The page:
Afghan government blames Pakistan for attempt on spy chief’s life

Assadullah KhaledBy JOSEPH FITSANAKIS | intelNews.org |
The Afghan President and senior cabinet officials have described the recent assassination attempt against the country’s spy chief as the work of “a professional intelligence service” and said they would be asking Pakistan “for clarification”. Assadullah Khaled, who heads Afghanistan’s National Directorate for Security (NDS), survived a suicide attack last Thursday in Kabul. According to Afghan officials, Khaled was attacked by a member of the Taliban posing as a “peace emissary”, who blew himself up as he was meeting Khaled to discuss a possible peace deal with the government. Media reports suggest that the bomber had concealed explosives in his undergarments and that he was not searched out of “respect for [Afghan] traditions and hospitality”. Shortly after the attack, the Afghan Taliban claimed responsibility and said they would try to kill Khaled again. But speaking to reporters last week, Afghan President Hamid Karzai said that “more professional hands” were behind the attack on Khaled. The Afghan leader described the suicide attack as a “very sophisticated and complicated act by a professional intelligence service” and said the Afghan security services “know [for] a fact” that the suicide bomber had entered the country from Pakistan. President Karzai stopped short of directly implicating the Inter-Services Intelligence Directorate (ISI) of directly planning the attack; but he said his government would be “seeking a lot of clarifications from Pakistan” about the bombing. Last Sunday Afghan Ministry of Foreign Affairs spokesperson Janan Musazai told reporters that Afghan officials were “100 percent sure” the suicide bomber had come to Afghanistan from the Pakistani city of Quetta. Read more of this post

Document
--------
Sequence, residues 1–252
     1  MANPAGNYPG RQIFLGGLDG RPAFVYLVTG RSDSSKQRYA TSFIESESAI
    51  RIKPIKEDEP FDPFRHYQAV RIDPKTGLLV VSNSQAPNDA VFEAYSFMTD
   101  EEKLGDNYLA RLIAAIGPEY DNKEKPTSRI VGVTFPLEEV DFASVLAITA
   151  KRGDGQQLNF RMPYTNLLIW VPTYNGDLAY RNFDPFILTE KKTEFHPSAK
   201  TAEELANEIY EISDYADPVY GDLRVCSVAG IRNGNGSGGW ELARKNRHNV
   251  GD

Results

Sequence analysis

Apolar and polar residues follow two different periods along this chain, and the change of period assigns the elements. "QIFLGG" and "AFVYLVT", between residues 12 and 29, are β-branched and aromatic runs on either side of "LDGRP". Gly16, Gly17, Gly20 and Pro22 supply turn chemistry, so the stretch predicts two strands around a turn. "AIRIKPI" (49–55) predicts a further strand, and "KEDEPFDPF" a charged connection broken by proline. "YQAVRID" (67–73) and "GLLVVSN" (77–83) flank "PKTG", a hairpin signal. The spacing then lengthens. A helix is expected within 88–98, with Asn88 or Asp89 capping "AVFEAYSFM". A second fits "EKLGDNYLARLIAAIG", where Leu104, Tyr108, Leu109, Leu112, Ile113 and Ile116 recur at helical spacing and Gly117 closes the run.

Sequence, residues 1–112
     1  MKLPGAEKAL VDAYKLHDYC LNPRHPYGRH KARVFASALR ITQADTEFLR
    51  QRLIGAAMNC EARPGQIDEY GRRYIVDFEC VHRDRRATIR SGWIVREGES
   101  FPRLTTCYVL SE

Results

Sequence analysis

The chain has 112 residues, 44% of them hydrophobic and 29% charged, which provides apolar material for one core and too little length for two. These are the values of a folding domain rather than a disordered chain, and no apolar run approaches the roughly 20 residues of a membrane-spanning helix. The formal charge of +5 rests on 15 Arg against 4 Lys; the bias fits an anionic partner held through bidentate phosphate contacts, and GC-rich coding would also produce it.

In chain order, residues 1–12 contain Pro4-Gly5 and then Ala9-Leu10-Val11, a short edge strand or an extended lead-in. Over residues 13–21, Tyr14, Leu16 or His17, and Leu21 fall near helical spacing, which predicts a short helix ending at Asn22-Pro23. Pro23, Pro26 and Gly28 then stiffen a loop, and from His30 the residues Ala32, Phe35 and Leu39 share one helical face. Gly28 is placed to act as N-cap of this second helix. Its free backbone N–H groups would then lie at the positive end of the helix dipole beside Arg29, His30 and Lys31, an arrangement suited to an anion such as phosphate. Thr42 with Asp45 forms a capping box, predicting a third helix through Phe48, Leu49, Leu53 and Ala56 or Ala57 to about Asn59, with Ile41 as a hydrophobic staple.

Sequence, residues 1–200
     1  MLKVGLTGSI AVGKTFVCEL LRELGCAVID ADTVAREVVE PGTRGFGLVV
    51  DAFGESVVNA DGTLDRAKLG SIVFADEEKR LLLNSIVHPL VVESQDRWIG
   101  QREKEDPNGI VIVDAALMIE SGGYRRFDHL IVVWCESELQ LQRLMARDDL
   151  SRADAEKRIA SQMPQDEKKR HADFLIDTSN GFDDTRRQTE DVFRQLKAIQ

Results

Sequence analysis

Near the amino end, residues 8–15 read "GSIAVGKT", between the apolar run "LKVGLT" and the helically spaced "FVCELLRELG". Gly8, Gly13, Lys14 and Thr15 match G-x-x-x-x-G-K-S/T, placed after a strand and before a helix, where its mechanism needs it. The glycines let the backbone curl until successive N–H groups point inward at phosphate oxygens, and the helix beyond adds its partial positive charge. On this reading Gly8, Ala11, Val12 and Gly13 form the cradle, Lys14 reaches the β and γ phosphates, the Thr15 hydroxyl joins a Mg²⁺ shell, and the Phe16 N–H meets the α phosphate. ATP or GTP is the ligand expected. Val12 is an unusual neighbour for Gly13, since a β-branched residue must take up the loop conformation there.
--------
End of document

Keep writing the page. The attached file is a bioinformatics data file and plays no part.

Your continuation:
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US wont’ share al-Qaeda intelligence, say Pakistani spies

Quetta, Pakistan

Quetta, Pakistan

By IAN ALLEN | intelNews.org |
A number of senior Pakistani security officials have accused US spy agencies of systematically withholding from their Pakistani counterparts actionable intelligence on al-Qaeda and Taliban activities in Pakistan. Speaking on condition of anonymity, the officials complained to The Washington Times that the last time the CIA shared actionable intelligence on al-Qaeda with the government of Pakistan was in 2007. They also said that recent public assertions by US officials that senior al-Qaeda leaders are hiding in Quetta, Pakistan, have not been followed with corresponding actionable intelligence by US spy agencies. The allegations shed further light on the increasingly severed intelligence relationship between Washington and Islamabad, which began shortly before the 2008 ousting of American-supported Pakistani dictator General Pervez Musharraf. Read more of this post

News you may have missed #0139

  • Pakistan tells US diplomat to be quiet. Perturbed by the recent remarks of US Deputy Chief of Mission in Islamabad, Gerald Feierstein, that top al-Qaeda and Taliban leaders are presently hiding in Quetta, Pakistan has summoned the US diplomat and demanded that he stops discussing intelligence issues in media. The move follows a closed-door meeting last week between the director of Pakistan’s Inter-Services Intelligence (ISI), Ahmed Shuja Pasha, and CIA director Leon Panetta.
  • Analysis: HUMINT worries al-Qaeda more than drone assassinations. The CIA-operated drone strikes in Afghanistan and Pakistan get all the headlines. But what’s really worrying al Qaeda are the agents in their midst, says Adam Rawnsley of Wired magazine’s Danger Room blog.
  • Chinese spymaster complains about US news leak. It has emerged that Major General Yang Hui, China’s most senior military intelligence official, recently made a secret visit to the US and complained to the Pentagon over the US press leak on the Chinese submarine that secretly shadowed the USS Kitty Hawk aircraft carrier in 2006. He said senior Chinese leaders suspect the Pentagon deliberately disclosed the encounter as part of an effort to send a “tough” message to China’s military.

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